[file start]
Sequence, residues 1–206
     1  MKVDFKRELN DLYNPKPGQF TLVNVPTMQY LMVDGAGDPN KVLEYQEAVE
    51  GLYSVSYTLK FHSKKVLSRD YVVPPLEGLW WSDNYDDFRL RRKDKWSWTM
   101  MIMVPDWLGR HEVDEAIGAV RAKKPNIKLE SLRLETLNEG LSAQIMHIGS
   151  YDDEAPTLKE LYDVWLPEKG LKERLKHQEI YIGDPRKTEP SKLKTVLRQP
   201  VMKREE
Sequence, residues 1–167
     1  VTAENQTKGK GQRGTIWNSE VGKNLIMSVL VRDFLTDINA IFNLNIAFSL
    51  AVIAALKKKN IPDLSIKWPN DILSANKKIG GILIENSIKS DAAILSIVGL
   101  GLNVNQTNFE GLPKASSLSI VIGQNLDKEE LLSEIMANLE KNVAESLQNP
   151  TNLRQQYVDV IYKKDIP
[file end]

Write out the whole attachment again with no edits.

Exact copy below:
Sequence, residues 1–206
     1  MKVDFKRELN DLYNPKPGQF TLVNVPTMQY LMVDGAGDPN KVLEYQEAVE
    51  GLYSVSYTLK FHSKKVLSRD YVVPPLEGLW WSDNYDDFRL RRKDKWSWTM
   101  MIMVPDWLGR HEVDEAIGAV RAKKPNIKLE SLRLETLNEG LSAQIMHIGS
   151  YDDEAPTLKE LYDVWLPEKG LKERLKHQEI YIGDPRKTEP SKLKTVLRQP
   201  VMKREE
Sequence, residues 1–167
     1  VTAENQTKGK GQRGTIWNSE VGKNLIMSVL VRDFLTDINA IFNLNIAFSL
    51  AVIAALKKKN IPDLSIKWPN DILSANKKIG GILIENSIKS DAAILSIVGL
   101  GLNVNQTNFE GLPKASSLSI VIGQNLDKEE LLSEIMANLE KNVAESLQNP
   151  TNLRQQYVDV IYKKDIP